Idlewild has consistently surpassed its emo contemporaries. On The Remote Part, the group crafts emotional, affecting, vital rock music. Humming with bar-band ferocity (and never self-pitying), Idlewild tops its exceptional 100 Broken Windows by breaking free of the influences that colored earlier albums. U2, R.E.M., the Smiths, the Cure -- echoes of these great and/or infamous outfits inspire the unique despondency of Roddy Woomble's vocals and the band's tight, guitar-bass-drum onslaught.
Idlewild varies the approach on The Remote Part, allowing for acoustic guitars and (on one track) a string section. These deceptively soft moments make rave-ups like "A Modern Way of Letting Go" even more visceral. This band wrings drama and pathos from elemental arrangements and a bone-dry sound. There's not a wasted second on "Tell Me Ten Words" or "Out of Routine" as Idlewild interlocks melody and propulsion.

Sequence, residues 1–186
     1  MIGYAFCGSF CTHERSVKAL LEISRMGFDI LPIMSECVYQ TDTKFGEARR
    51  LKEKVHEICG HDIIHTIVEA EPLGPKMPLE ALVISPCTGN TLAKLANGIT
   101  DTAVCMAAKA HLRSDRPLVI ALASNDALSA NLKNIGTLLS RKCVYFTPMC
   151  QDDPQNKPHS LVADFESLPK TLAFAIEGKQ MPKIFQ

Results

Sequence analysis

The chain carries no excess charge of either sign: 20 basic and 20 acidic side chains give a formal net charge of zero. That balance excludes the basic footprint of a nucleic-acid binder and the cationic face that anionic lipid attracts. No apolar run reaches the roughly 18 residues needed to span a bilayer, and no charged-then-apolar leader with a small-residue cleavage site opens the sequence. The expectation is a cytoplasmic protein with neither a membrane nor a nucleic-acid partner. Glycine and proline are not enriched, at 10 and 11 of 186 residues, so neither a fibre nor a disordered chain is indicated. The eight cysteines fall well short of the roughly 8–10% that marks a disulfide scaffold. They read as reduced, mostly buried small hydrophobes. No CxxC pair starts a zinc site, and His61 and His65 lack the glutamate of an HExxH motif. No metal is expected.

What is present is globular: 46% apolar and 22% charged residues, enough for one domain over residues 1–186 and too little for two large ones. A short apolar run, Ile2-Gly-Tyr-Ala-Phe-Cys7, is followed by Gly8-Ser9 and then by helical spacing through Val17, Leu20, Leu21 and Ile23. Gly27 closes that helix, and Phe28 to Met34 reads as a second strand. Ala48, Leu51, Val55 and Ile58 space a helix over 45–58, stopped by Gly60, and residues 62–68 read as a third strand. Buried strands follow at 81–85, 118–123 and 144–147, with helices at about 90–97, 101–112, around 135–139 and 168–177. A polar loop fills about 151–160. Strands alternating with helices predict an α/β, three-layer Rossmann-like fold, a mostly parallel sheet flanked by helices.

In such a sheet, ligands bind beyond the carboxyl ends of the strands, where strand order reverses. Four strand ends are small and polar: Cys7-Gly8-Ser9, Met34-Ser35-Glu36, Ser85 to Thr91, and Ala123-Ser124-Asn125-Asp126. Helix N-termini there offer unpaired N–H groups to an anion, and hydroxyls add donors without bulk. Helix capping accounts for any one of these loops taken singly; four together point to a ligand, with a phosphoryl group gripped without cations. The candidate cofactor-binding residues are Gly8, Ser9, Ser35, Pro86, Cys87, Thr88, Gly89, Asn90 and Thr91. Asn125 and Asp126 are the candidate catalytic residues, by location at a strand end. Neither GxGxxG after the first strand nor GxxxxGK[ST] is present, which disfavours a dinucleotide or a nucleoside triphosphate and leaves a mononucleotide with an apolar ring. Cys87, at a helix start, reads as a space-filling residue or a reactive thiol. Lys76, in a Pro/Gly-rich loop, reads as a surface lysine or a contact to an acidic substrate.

Frankly, "emo" is too wimpy a word for what these guys have achieved, and "punk" is misleading. For more than half a year, Idlewild's American fans have either had to wait for The Remote Part's official U.S. release or pay steep import prices. Now that Capitol has finally issued it stateside, it would be deeply satisfying to watch Idlewild finally get the mainstream audience over here it deserves.
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